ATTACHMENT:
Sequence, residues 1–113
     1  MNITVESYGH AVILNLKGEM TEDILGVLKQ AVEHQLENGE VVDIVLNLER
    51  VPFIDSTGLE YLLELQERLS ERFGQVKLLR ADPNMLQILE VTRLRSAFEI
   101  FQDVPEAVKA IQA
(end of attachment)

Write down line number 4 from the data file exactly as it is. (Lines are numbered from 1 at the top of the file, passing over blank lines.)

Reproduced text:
   101  FQDVPEAVKA IQA